Being a member of Amazon Prime certainly has its perks. Since the online retailer launched this program nine years ago, members have been able to get free two-day shipping for $79 a year -- a good deal for those who do a lot of online shopping. Membership also includes access to streaming movies and television shows and free Kindle e-book downloads. But now the question is whether those perks are worth $99 annually.
Amazon.com (AMZN) recently announced that it's hiking the price of its Prime service by $20 effective April 17. The news has elicited a lot of grumbling on the Amazon Prime forum from members, many of whom say the service won't be worth the higher price. They might be right.
There are plenty of ways to score free shipping on online purchases other than an Amazon Prime membership. You might not get your orders within two days -- as you would with Amazon Prime -- but you won't have to pay a membership fee to get free shipping with these other options. Plus, you can get free e-books through other outlets, and you can stream movies and TV shows for free or at a price that doesn't top $99 a year.
Free shipping. Amazon orders totaling $35 or more may qualify for free shipping even if you're not a Prime member. And plenty of online retailers frequently offer free shipping on orders that exceed certain dollar amounts. But there are some retailers, such as Zappos.com and Nordstrom.com,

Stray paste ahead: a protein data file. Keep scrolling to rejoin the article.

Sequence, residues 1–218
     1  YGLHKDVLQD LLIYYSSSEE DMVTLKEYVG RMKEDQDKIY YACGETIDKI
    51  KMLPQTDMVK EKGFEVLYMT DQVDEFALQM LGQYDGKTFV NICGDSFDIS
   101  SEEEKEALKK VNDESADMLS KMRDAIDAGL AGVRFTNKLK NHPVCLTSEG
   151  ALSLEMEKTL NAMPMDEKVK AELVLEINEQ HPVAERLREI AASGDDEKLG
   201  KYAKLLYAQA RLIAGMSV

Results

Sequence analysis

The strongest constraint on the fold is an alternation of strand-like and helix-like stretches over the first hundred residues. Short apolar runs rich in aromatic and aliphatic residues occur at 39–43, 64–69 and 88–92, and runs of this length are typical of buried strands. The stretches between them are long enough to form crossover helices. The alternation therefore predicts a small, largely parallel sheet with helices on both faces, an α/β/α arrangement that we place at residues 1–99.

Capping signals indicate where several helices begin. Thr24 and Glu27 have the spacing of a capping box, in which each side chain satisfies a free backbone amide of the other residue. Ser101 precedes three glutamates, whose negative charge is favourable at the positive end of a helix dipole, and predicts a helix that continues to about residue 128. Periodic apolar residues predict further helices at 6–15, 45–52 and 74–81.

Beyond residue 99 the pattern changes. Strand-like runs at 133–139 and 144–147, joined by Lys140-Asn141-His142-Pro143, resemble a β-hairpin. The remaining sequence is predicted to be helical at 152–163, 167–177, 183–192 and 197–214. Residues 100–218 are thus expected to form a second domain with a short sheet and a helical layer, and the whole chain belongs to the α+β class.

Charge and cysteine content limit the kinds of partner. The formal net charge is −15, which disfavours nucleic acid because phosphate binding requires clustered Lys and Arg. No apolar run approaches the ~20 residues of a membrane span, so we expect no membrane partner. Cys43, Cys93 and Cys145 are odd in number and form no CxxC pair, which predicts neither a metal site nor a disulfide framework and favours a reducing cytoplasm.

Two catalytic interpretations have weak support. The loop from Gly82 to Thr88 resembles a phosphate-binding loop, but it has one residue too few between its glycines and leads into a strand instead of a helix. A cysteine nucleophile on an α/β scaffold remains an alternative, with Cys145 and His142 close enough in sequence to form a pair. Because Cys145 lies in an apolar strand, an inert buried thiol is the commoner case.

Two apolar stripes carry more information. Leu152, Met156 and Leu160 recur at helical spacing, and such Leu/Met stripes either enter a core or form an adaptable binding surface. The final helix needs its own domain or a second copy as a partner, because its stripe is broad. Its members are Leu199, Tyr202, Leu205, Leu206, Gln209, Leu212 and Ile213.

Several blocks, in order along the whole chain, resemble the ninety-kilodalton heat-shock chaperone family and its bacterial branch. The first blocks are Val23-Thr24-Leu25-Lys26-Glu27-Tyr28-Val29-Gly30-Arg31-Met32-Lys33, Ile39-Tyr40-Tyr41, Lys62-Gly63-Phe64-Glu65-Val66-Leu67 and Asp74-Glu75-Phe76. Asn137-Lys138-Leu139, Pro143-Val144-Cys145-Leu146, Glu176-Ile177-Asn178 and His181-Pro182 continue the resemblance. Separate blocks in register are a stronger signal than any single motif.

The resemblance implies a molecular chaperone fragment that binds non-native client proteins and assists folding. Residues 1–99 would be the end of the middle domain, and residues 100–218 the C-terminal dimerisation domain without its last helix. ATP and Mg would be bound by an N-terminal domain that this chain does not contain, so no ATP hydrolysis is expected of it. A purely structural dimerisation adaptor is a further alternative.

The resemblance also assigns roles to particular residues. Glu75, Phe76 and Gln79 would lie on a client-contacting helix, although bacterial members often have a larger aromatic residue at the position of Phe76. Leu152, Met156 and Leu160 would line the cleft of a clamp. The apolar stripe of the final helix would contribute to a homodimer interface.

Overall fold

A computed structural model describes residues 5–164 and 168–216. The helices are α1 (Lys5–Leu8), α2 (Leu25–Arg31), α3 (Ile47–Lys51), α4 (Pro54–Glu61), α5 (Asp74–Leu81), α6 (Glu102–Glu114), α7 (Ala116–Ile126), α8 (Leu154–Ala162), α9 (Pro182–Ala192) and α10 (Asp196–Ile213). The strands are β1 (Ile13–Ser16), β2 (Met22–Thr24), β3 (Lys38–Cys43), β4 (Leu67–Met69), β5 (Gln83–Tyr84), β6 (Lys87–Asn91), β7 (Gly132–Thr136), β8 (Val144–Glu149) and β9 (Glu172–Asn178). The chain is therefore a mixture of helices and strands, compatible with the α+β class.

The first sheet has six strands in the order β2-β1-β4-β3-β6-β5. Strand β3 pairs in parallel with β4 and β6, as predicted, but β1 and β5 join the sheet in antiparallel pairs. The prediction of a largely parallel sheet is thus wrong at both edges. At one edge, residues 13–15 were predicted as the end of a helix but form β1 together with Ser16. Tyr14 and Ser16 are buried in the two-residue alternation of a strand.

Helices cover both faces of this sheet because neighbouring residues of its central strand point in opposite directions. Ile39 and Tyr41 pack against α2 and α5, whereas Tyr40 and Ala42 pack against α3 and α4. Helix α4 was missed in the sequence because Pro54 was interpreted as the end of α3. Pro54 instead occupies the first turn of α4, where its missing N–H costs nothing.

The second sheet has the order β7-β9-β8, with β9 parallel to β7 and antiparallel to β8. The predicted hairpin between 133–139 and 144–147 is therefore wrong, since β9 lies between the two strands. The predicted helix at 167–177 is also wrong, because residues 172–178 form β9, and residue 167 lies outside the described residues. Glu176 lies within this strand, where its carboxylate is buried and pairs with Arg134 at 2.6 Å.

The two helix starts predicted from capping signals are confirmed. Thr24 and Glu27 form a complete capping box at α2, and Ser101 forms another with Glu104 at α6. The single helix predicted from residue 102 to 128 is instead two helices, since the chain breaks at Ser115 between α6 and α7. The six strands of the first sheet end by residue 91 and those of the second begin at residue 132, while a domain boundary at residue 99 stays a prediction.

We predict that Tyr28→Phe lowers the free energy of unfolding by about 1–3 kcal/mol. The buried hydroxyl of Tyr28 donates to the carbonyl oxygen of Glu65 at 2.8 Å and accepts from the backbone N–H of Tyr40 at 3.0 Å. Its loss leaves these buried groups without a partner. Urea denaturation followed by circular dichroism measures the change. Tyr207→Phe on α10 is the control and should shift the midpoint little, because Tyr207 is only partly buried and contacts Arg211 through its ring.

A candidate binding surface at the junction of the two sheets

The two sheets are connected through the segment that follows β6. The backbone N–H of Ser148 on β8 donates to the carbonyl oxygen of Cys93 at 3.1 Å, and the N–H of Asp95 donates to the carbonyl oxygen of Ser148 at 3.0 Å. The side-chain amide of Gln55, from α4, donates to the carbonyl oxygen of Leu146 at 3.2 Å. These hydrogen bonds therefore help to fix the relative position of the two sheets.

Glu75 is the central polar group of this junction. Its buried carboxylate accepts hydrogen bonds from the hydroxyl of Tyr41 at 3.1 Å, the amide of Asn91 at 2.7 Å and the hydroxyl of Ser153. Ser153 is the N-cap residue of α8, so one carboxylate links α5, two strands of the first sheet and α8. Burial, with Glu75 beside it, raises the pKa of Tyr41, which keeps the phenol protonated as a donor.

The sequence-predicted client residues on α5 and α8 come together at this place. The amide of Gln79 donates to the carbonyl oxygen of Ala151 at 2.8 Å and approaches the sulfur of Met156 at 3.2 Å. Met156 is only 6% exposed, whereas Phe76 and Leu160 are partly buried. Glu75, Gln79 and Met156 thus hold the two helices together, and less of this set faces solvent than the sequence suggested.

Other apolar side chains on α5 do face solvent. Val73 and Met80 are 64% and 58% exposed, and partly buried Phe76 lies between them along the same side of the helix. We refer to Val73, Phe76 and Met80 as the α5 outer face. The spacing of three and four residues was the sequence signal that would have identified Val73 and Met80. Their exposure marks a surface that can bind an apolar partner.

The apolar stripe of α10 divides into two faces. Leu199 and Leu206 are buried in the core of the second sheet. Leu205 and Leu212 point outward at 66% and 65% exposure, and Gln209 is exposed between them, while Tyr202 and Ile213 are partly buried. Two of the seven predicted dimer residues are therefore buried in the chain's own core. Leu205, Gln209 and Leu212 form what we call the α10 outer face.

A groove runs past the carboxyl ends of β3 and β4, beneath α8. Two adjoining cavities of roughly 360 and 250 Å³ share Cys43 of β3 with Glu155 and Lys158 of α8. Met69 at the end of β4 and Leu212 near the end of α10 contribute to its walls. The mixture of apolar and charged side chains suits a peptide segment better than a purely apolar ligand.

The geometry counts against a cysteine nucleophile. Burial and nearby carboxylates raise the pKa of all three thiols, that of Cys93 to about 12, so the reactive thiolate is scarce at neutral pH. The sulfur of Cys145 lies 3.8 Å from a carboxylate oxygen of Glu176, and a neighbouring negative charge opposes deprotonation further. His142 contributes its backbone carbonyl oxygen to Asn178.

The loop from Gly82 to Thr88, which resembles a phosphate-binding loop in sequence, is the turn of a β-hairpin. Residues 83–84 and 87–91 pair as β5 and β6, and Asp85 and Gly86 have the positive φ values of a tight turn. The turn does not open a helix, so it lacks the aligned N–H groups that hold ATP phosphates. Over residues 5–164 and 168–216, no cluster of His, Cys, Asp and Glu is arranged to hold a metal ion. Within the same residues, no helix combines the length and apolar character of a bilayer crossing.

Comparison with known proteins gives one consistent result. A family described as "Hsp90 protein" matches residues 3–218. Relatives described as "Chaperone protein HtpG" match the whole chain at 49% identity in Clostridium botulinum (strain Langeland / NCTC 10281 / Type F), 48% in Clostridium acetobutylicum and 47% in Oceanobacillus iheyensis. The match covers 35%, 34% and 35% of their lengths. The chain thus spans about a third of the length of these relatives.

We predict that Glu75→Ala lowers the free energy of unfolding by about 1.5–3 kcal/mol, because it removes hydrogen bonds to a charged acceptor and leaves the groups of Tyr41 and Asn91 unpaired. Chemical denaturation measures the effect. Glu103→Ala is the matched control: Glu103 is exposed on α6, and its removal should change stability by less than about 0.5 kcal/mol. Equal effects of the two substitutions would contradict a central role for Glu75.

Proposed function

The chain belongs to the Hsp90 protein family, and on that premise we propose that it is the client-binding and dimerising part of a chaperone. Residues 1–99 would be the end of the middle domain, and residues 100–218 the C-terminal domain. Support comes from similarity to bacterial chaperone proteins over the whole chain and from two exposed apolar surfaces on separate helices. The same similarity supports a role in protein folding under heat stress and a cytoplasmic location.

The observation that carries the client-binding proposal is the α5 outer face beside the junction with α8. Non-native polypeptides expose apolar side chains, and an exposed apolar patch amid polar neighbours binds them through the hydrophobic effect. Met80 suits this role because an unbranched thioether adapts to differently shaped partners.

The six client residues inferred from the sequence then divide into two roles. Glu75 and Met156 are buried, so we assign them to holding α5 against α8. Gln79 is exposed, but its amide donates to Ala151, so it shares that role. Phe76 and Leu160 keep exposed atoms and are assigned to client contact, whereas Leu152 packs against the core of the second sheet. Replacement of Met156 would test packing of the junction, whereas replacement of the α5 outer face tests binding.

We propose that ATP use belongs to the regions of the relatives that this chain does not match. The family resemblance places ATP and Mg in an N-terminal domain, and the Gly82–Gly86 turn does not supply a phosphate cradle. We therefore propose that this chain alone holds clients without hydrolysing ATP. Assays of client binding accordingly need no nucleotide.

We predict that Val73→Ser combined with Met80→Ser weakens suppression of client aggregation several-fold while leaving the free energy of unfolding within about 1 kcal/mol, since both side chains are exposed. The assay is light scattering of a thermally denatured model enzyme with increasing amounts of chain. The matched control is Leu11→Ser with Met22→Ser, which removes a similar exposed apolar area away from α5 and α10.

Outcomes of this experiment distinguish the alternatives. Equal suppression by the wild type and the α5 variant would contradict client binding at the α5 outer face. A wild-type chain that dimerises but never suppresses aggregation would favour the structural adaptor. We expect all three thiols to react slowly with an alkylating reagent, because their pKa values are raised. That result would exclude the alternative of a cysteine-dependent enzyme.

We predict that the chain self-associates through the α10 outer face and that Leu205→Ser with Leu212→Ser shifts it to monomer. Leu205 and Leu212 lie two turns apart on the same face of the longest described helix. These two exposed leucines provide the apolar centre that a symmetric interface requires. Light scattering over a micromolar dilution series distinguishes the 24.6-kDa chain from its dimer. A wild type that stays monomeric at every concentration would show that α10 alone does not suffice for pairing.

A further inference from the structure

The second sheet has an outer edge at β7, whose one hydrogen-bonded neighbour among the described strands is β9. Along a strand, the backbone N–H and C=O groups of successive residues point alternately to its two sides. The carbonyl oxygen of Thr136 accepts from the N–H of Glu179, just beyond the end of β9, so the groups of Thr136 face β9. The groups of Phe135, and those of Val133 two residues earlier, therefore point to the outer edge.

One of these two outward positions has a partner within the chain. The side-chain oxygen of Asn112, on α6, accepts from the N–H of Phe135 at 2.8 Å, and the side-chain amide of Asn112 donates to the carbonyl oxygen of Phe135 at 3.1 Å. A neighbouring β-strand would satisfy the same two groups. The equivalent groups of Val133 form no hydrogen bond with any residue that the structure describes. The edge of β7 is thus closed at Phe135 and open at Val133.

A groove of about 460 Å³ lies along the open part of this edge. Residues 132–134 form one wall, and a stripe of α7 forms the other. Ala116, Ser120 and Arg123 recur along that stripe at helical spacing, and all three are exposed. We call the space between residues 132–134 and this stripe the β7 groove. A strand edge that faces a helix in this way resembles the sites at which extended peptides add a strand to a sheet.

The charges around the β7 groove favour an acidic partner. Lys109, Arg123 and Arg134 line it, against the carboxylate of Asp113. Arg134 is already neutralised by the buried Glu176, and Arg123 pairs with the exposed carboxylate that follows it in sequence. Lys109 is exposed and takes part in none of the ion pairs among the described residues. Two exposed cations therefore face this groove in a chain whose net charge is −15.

You might be able to avoid paying for shipping by having your purchases shipped to a retailer's brick-and-mortar store. Best Buy (BBY), Target (TGT), Toys R Us and Walmart (WMT) are among the merchants that have free in-store pickup and typically drop their prices around the holidays to match Amazon's prices. In fact, Best Buy, Target and Toys R Us have price-matching policies that extend to Amazon prices year-round. So if you're shopping at one of these stores and use an app such as RedLaser to scan the barcode of an item and find that Amazon is offering it for a lower price, show a sales clerk the lower price and ask for a price match. Then you can avoid shipping costs altogether and still get the best deal. See How to Get Retailers to Match Prices for more information.
Video streaming. Amazon Prime members have access to 40,000 movies and TV episodes. However, the movies typically aren't the newest releases. You can find many of the movies and TV shows available to Prime members for free at Hulu and Crackle. You can stream new releases starting at $4 through services such as Vudu and Blockbuster On Demand. Or you could pay $8 a month ($96 a year, which is less than a Prime membership) for unlimited streaming through Netflix (NFLX). See 9 Places to Get TV and Movies Online for more options.
Free e-books. With Amazon Prime, you have access to more than 500,000 Kindle titles. However, you can borrow just one a month. You don't even have to be a Prime member, though, to take advantage of thousands of free out-of-copyright books through Kindle Popular Classics. At Gutenberg.org or the University of Pennsylvania online books page, you won't pay a cent to legally download thousands of books whose copyrights have expired. For newer titles, check out your public library. Or join a free online lending community such as ebookfling. You list your Kindle and Nook ebooks on the site, then you swap ebooks with other members. For more, see 5 Ways to Borrow and Read More Free E-Books.